Condensation is also the consequence of us using and bringing water (liquid) into our homes. This could be a hot shower, cooking with water over a hot stove, or even the damp clothes you have brought in from the clothesline. From the warm air inside, the water rises and turns into water vapour (evaporation), allowing the condensation process to begin.
If you are finding you have too much moisture in your home, here are some ways to combat the condensation.
How to stop condensation
1. Create a consistent temperature
Managing the temperature inside your home is vital to controlling and avoiding condensation. It is common practice during winter to only heat the areas you use. You might heat your lounge room and close all other doors to contain the warmth. Another popular energy-saving idea is to only heat the house during the day or when you are home.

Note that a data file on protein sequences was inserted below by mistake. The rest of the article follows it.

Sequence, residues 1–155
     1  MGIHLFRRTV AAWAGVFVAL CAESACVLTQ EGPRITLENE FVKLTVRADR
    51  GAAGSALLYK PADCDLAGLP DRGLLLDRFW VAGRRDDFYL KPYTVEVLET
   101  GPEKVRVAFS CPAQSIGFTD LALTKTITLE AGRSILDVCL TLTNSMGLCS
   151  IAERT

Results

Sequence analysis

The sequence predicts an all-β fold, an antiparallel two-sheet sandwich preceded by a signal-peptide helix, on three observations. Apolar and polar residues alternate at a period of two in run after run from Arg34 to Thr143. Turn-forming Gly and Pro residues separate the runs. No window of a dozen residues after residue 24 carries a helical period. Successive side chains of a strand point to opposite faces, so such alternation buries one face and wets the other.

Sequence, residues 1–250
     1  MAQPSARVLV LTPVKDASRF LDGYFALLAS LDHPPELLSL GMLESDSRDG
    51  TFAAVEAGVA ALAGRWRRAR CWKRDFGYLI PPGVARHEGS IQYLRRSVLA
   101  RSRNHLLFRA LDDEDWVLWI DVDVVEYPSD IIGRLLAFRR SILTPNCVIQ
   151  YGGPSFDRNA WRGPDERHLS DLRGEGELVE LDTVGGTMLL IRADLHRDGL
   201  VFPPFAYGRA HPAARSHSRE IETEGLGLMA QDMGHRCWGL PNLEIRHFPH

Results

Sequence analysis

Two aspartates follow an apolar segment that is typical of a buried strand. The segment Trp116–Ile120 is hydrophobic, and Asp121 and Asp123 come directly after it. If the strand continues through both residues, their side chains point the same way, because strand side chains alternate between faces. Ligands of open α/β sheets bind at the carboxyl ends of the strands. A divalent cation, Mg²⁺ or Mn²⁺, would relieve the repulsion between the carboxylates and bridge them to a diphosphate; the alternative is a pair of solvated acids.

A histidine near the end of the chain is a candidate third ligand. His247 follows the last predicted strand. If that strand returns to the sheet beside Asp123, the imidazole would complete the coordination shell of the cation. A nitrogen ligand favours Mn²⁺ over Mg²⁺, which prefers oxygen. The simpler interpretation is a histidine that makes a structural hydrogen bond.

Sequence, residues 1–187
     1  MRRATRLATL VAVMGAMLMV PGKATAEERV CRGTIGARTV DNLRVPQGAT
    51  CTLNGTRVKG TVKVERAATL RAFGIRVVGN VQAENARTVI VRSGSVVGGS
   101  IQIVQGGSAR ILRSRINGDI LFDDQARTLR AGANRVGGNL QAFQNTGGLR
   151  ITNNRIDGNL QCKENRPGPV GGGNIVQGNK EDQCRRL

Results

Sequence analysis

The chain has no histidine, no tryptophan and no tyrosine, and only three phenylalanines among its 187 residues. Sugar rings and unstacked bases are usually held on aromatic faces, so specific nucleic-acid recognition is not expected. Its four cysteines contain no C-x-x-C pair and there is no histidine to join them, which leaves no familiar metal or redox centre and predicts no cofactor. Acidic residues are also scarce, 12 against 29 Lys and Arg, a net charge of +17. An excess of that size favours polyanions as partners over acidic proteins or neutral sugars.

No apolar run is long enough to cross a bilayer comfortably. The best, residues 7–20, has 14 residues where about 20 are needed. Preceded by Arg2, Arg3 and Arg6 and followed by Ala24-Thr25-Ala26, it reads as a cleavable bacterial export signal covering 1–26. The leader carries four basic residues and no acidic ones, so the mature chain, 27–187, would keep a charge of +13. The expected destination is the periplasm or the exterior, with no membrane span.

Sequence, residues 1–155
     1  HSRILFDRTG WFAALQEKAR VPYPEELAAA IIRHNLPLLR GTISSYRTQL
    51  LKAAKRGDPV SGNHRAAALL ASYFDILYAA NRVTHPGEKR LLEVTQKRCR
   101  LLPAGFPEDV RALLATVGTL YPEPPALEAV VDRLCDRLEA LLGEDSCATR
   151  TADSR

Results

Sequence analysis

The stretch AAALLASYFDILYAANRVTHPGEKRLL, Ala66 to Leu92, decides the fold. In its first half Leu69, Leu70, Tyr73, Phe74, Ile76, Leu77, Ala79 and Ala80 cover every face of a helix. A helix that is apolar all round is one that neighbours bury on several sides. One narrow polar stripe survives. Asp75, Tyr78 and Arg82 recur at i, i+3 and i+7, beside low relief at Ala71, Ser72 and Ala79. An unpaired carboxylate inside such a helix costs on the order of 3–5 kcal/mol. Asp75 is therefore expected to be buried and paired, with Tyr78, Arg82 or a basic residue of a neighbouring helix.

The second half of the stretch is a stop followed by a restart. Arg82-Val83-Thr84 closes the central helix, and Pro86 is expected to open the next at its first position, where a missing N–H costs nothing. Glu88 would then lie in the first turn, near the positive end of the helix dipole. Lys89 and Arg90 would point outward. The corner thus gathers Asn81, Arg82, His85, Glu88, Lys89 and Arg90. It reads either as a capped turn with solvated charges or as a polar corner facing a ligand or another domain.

While these ideas may be energy-efficient, they can also create the perfect environment for condensation. As soon as you open the lounge room door or turn the heater back on, the damp, warm air comes into contact with the colder surfaces. The water vapour in the air then settles on these surfaces. If condensation is left for 24-48 hours, mould will start to grow.
To prevent water vapour from settling on the surfaces from temperature changes, keep the areas you regularly use (or your whole home) at a consistent temperature throughout the day and night.
2. Open windows and external doors
It is important to improve ventilation in your home so the moisture in the air does not become trapped. One of the easiest ways to do this is by regularly opening windows and external doors to allow moisture to escape.
3. Dry the walls, windows, and shower screens